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We do not hear much about music therapy for depression, although studies showing it effectively relieves depressive symptoms have been done.
Music therapy involves a trained music therapist engaging in improvisational music-making with a client. It seems that the “active doing” of playing musical instruments is healing for aesthetic, physical, and relational reasons.
In psychotherapy, the therapist listens to the client’s words and responds verbally. A music therapist listens to the musical sounds made by the client and responds to them musically. It is a conversation in sound and rhythm that may lead to insight and some verbal discussion.
This aesthetic dynamic engages clients at an instinctive level and supports them in taking risks—expressing themselves differently. For instance, the therapist might validate a client’s tentative melody fragment by creating a bass line under it. This may encourage the client to risk developing the melody further.
To facilitate connection and self exploration, music therapy requires purposeful physical movement. It is known that physical activity helps relieve depression, but the therapeutic value of music and movement goes even deeper.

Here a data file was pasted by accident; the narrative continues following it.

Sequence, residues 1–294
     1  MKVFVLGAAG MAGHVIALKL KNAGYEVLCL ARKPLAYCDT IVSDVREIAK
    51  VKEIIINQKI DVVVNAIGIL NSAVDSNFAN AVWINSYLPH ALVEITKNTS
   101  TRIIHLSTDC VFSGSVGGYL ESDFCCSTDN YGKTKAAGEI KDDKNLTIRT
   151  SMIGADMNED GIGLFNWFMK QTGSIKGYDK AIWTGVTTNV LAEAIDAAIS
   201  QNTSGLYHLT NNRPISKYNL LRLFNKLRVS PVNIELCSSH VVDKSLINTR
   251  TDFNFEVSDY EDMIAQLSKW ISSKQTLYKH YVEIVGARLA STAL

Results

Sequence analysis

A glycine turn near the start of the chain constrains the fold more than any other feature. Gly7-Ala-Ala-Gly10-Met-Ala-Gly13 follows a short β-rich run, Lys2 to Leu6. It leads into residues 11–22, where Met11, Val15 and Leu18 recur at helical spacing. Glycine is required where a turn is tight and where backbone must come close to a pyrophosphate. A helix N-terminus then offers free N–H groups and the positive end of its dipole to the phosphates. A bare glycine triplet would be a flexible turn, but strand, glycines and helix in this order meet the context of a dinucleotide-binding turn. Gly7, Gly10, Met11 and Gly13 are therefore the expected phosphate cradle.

An experience of being drawn in by music, and responding to it with movement, connects us to our physical nature. Even unmotivated people can find themselves tapping a finger or foot to a snappy tune. Music entrains and enlivens us. Moving to it is a natural human phenomenon.
Making music also allows us to experience our physical self with other physical selves. The coordinated motions between two or more music makers creates a meaningful physical encounter in the present moment, and establishes community.
It is possible we are hard-wired to communicate musically in order to establish community. Think about the earliest interactions between parents and newborns. The combination of gestures and sounds typically used is a musical vocabulary connecting adult and child. An absence of this musical parent-baby speech has a negative developmental impact on children.
In this relational sense, a musical therapist can be viewed in a parental role, nurturing the client’s self discovery and self expression through musical vocabulary—cultivating the experience of pleasure and meaning. However, it is the music itself - melodies, rhythms, and harmonies - that engages people where words might fail.
Photo credit: Boston Public Library
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